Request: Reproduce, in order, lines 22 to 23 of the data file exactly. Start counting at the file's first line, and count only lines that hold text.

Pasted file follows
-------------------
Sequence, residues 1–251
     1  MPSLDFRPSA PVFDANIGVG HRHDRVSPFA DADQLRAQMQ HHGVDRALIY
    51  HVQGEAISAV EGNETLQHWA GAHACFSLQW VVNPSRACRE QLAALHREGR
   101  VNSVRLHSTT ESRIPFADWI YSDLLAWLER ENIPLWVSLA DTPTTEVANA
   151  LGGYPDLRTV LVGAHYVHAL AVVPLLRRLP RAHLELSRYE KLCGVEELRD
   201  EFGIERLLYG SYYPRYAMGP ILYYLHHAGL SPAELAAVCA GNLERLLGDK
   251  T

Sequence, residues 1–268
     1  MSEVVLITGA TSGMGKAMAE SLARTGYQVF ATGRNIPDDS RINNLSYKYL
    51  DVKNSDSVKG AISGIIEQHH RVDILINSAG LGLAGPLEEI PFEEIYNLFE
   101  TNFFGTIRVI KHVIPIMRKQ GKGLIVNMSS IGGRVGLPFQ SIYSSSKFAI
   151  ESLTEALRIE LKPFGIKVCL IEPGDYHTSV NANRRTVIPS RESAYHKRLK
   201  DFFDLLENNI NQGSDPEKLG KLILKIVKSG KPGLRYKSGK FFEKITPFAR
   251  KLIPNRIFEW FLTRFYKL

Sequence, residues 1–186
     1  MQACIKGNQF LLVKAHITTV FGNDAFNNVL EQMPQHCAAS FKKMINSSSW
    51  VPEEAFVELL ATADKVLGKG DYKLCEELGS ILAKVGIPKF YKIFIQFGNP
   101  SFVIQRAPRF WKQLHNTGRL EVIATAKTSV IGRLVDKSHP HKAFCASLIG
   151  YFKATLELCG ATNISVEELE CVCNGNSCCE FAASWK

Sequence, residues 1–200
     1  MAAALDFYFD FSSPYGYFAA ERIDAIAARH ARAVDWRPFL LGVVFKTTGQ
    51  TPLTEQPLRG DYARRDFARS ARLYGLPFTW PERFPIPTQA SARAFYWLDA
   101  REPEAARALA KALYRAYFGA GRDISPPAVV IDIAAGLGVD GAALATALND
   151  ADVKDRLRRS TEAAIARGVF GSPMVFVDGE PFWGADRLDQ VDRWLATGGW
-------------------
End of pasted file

    51  TPLTEQPLRG DYARRDFARS ARLYGLPFTW PERFPIPTQA SARAFYWLDA
   101  REPEAARALA KALYRAYFGA GRDISPPAVV IDIAAGLGVD GAALATALND